I know that at Chanucah, our thoughts are meant to turn to children. But do they have to dominate to such a degree? My three overshadow my every waking move. But then, that might be because they are better than me at everything. You name it, my two sons and daughter make me look bad at it. This should be a source of parental pride. It is more often the cause of embarrassment.
Obviously, they are more skilled than me when it comes to what might be considered children's specialisms, such as riding bikes. I did buy one recently but I can't be on it for more than seven minutes at a stretch because it's like sitting on a thick, blunt knife. They, on the other hand, take to such old-fangled contraptions like ducks to water.
There's another thing they're better at than me: swimming. My boys move around the most intimidatingly large pools with the confidence of double Duncan Goodhews while my daughter has all the grace of Esther Williams in a 1940s "aqua-musical". And don't get me started on trampolines. I bounced off the one in their mum's garden last summer and nearly landed on their neighbour's greenhouse - their neighbour four doors down.
Even at sedentary activities they're way ahead. Not surprisingly, being 21st-century babes, modern technology comes second nature to them, and as for navigating social media, there's no comparison. Particularly galling, however, is that I can't even demonstrate my superiority in traditionally adult endeavours. Take cooking, for example. Yup, I've been trumped there by my youngest son Ethan, who at 11 knows how to rustle up a respectable spaghetti bolognese, a more than decent tuna and pasta salad, as well as chicken and sausage surprise (the surprise being that it contains chicken and sausage).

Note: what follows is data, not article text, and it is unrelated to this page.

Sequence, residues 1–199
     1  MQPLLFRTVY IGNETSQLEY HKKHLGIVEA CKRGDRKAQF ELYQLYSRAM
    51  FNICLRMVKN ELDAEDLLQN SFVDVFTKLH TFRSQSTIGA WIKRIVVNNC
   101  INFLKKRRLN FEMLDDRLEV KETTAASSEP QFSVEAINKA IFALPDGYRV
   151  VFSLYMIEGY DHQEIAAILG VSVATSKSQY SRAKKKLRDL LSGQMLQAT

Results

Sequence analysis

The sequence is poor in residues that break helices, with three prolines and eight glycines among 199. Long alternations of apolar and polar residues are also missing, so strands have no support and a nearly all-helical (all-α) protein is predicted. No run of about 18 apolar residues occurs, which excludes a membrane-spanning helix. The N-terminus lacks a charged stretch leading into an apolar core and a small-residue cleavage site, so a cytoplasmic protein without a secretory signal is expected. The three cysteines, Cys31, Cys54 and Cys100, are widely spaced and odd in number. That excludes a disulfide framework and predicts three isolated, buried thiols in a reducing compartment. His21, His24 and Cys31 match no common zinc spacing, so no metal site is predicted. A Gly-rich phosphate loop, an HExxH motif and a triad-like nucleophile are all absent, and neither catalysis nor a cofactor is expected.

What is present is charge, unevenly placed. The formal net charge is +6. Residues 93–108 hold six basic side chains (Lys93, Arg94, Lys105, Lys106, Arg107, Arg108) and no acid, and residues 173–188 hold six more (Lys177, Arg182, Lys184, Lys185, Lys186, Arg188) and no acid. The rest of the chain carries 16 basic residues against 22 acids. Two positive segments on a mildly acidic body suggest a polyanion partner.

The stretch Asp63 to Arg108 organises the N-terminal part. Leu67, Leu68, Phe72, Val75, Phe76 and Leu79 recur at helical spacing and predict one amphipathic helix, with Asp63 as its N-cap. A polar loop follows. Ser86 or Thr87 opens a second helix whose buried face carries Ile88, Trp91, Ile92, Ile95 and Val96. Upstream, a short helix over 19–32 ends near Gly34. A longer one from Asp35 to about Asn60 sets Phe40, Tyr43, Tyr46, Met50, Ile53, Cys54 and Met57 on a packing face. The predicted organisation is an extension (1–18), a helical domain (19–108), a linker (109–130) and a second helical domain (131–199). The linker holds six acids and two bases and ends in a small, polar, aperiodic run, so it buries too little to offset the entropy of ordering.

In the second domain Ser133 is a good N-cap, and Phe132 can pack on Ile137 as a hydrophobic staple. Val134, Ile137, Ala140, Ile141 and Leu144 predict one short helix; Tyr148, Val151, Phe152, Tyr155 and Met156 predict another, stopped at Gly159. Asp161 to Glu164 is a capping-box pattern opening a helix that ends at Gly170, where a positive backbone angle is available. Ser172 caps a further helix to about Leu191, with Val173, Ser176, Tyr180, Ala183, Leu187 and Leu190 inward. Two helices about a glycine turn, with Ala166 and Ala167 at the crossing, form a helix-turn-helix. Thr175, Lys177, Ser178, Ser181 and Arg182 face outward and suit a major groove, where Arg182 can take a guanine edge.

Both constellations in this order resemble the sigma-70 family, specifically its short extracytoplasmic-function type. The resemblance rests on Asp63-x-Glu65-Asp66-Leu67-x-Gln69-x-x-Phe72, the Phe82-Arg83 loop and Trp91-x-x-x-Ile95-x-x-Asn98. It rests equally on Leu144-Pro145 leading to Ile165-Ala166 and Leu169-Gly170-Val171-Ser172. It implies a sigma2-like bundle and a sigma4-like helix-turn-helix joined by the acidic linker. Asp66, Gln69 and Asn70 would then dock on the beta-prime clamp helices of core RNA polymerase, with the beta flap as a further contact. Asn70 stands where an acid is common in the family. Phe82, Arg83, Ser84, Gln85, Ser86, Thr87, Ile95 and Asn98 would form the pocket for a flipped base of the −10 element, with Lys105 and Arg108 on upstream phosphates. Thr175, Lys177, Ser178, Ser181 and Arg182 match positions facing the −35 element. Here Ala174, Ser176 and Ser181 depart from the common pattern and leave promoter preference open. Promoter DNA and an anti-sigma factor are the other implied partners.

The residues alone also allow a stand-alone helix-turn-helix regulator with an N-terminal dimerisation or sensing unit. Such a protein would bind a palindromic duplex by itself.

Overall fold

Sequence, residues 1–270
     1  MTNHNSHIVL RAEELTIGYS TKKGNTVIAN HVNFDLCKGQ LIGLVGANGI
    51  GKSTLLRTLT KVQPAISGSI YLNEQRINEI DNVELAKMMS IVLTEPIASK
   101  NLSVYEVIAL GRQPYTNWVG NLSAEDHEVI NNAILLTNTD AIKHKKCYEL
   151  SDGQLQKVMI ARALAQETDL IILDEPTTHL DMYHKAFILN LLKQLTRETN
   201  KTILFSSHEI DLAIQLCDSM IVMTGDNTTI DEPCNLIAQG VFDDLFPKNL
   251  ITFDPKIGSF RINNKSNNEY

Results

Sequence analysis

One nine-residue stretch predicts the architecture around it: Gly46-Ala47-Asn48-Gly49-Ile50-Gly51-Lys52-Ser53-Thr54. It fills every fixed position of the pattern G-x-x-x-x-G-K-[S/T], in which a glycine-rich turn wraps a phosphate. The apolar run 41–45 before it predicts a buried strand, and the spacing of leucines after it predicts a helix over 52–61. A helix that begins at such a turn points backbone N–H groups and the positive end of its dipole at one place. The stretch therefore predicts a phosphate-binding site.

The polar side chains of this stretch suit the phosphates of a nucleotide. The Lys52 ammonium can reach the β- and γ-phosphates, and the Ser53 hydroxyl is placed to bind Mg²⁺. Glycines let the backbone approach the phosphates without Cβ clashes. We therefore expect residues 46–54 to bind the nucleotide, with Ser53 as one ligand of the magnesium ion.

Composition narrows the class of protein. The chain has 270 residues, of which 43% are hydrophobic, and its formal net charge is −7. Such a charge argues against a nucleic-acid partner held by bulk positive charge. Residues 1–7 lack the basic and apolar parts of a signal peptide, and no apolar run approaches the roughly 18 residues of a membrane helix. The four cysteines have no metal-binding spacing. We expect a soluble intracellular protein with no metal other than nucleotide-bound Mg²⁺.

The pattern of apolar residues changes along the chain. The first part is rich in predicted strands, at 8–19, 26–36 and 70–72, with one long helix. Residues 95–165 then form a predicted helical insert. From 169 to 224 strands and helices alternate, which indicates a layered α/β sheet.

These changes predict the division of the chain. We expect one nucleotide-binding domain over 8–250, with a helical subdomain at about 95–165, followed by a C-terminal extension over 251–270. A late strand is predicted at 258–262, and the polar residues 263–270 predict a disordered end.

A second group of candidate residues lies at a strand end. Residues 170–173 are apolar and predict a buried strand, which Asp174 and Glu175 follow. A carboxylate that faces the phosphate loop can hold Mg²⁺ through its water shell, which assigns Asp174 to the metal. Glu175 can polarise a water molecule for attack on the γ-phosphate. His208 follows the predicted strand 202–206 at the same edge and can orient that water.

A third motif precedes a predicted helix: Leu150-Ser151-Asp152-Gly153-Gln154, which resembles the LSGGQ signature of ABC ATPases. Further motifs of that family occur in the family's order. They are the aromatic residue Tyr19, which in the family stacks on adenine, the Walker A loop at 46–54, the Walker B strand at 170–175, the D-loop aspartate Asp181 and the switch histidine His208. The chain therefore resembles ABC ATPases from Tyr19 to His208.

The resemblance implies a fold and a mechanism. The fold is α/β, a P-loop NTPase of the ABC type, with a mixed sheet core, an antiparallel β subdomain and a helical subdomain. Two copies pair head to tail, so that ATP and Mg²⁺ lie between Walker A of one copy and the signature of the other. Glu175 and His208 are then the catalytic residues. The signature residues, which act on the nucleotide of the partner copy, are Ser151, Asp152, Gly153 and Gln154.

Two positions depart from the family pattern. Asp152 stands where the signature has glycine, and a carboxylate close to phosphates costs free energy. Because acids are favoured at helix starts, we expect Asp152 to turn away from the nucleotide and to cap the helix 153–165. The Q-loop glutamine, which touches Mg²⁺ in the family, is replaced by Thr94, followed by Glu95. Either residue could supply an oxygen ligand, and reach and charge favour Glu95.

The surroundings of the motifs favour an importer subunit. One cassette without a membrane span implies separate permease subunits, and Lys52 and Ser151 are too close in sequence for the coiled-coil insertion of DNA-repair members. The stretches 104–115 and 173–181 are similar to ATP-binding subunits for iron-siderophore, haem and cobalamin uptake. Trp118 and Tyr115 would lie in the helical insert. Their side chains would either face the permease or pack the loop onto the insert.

No prizes for guessing that my daughter Talia is way better than I am at dancing, be it ballet or any other kind of terpsichorean motion, although no one does the moonwalk like me, especially when I'm wearing my slipper socks.
I got a grade C at O Level (GCSE for our younger readers) in art when I was 16, but already at eight-years-old Talia is producing stuff that eclipses my best work (including my acclaimed watercolour of an eclipse). There's a painting that she brought home from school and which I had framed that has had visitors invoking the sunflowers of Van Gogh. Luckily, her artistic prowess isn't accompanied, as per the Dutch master, by bouts of mania, apart from a tendency to squeal whenever she sees Olly Murs.
Finally, there's my eldest, Ben, who at 13 has achieved more than I had by my thirties. He's won a writing competition and had an article printed in the local newspaper. Last weekend he and his indie group managed to come runners-up in a battle of the bands contest.
So, as a reward for all this achievement, I'm grounding the three of them for the duration of the holidays, or at least until they can learn to let their poor father beat them at something.